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Torture Bad

Wednesday, June 22, 2005
I Can't Believe I Have to Write This

You wouldn't think you’d need to explain to conservatives why torture is wrong. But you'd be wrong. The reaction on the right to Dick Durbin's comments (from the likes of William Kristol and Tim Blair, among many other wingnuts) reveals this.

So I am going to explain why torture is bad. And I'll use very small words, so I can be sure they understand. I'll start off with practical arguments against torture, since moral objections don't seem to matter to them very much (shiver).

First of all, torture doesn't work. When you are boiling someone in oil, they will tell you anything they think that you want to hear just to make you stop. There is no evidence that torture gets good information.

Second, it might get Americans tortured too. If we torture them, they are more likely to torture us. Since there are a whole lot of American G.I.'s trooping around the globe, we are much more at risk than other people.

Third, it makes us look bad. Torture is not popular. Part of our effort to "win" the "War on Terror" is to convince the folks who live in the 3rd world (in particular the Middle East) that America isn't such a bad place, and would you please not bomb us. Pictures in the newspaper of us humiliating Arab men really doesn't do much to advance this agenda.

But even if torture did work - if we got good information, if it didn't put Americans at risk, if it didn't make them hate us - we still shouldn;t torture people. Because the moral stuff does matter, however the right tries to ignore it.

It is wrong to torture in part because you might be torturing the wrong person. When you torture someone for information or a confession, you might get what you want, but you might also be punishing someone who is innocent: who simply didn't do anything but be in the wrong place at the wrong time. You have to allow room for human error. No matter how convinced you might be of something, you might be wrong. When you torture terror suspects, you are taking a pretty big risk. How will you sleep at night if you learn that the person you inflicted pain on did nothing?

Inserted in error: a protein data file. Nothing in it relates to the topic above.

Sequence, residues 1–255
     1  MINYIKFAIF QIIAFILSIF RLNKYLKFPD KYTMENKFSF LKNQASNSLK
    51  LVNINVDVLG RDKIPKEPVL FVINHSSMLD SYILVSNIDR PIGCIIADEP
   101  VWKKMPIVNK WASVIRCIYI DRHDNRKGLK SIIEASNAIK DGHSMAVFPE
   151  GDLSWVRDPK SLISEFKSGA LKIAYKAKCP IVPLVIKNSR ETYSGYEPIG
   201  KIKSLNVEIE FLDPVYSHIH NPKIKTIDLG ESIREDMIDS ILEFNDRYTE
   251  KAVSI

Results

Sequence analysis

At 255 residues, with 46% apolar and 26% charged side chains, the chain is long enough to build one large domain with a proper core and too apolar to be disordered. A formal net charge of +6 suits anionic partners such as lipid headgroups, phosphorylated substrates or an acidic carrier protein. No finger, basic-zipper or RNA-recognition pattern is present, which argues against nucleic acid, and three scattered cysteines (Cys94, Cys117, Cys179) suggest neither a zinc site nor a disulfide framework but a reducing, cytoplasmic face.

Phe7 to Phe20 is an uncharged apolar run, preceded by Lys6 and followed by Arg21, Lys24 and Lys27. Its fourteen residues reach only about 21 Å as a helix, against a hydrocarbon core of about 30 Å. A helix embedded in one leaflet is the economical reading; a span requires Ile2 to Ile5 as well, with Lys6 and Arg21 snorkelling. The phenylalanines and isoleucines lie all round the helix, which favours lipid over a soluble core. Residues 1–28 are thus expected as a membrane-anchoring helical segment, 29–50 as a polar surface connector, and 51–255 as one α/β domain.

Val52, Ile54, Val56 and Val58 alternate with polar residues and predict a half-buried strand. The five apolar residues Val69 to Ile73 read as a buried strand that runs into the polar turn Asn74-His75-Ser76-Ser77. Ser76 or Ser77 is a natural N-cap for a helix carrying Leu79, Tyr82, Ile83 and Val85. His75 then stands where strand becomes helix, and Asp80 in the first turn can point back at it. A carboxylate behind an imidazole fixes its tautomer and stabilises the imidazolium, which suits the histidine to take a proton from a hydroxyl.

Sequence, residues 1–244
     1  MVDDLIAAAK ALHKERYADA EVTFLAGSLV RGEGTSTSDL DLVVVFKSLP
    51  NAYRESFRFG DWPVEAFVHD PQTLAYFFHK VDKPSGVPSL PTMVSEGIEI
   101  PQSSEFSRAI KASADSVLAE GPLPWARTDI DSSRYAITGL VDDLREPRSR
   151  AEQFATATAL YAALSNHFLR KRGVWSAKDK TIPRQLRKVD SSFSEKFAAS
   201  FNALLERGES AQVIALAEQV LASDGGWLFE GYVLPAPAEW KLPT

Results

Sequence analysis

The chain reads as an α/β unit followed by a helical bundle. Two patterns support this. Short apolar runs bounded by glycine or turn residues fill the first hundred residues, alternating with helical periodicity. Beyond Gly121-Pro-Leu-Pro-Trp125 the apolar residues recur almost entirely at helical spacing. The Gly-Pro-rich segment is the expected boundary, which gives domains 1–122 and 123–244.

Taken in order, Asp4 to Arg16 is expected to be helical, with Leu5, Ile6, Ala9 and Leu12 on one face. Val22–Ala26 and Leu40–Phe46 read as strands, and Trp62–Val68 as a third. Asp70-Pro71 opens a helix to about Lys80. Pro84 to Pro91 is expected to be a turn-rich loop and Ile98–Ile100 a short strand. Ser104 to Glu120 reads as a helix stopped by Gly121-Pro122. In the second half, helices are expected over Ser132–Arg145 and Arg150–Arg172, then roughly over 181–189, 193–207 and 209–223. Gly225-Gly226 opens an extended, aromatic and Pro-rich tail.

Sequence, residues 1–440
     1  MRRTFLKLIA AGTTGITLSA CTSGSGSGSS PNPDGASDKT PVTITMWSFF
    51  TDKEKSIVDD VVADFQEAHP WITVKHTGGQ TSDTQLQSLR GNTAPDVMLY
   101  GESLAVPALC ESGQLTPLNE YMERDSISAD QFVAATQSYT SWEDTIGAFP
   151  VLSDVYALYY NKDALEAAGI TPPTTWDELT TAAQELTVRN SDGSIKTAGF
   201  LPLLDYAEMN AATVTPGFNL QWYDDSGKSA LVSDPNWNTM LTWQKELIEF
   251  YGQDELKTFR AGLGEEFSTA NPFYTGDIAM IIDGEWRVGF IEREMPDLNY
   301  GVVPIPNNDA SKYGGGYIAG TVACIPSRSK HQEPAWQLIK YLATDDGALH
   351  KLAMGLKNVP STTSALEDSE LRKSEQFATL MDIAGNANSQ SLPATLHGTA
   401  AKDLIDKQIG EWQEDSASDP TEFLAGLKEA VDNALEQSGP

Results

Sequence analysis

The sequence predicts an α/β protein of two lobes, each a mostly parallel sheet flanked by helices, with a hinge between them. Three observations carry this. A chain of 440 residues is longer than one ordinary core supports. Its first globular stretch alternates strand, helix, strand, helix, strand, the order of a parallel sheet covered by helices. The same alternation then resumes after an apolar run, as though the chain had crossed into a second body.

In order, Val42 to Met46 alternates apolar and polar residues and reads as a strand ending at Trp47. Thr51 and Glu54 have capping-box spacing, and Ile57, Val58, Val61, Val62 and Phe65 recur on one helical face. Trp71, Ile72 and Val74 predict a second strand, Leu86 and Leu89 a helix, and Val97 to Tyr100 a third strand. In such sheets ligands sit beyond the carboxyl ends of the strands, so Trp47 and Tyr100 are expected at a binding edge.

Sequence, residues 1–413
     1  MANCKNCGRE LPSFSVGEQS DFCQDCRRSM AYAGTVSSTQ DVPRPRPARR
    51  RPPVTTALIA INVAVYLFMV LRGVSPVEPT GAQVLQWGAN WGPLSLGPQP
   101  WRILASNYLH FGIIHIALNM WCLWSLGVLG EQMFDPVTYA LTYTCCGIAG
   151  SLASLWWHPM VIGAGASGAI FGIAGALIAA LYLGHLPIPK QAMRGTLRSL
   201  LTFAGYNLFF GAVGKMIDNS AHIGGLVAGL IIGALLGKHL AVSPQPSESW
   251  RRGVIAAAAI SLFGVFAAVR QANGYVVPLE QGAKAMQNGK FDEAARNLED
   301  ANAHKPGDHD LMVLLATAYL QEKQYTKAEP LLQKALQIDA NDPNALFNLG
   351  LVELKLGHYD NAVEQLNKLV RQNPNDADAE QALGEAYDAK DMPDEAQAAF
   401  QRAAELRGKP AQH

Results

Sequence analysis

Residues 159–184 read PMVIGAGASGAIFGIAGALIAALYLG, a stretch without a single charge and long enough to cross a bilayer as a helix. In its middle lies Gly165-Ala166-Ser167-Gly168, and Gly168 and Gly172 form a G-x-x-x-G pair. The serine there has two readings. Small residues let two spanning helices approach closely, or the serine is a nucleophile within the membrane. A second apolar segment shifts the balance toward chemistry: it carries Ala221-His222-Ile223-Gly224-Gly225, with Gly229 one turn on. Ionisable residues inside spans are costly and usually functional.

Even if someone is guilty, torture is wrong. When you inflict pain on another, you are treating them like a thing. You are taking away their basic humanity. Part of what we as Americans are supposed to be fighting for is the idea that everyone, no matter how much we dislike them, is still a person who deserves basic respect.

And even if you don't care about others - if you are convinced that someone is a criminal, and that criminals have given up any claims to be in the human race - torture is still wrong. Torture not only demeans them; it lessens us. Torturing another human being makes us evil. It makes us the bad guys. It erases the differences between them and us. The instant we decide that torture is okay, the terrorists have already won.

This is why we don't torture others out of revenge. Some on the right have excused what we have done because the other side does it too. But this is exactly the wrong conclusion to make: we hate them in part because they have tortured us. If we do it too, It makes us exactly like them: willing to do anything in pursuit of an idea, no matter what the cost to others.

What Dick Durbin said was exactly right. He was pointing out the danger of engaging in torture, or even of just abusing prisoners. He was warning us not to become that which we hate. He was not saying that "U.S. soldiers are NAZIS" but that "We are doing what the NAZI's did. We are doing what we hated the NAZI's for doing."

Anyone who doesn't understand the truth of what Durbin is saying is either lying, delusional, or too far gone to save.

Posted by Arbitrista @ 6:39 AM
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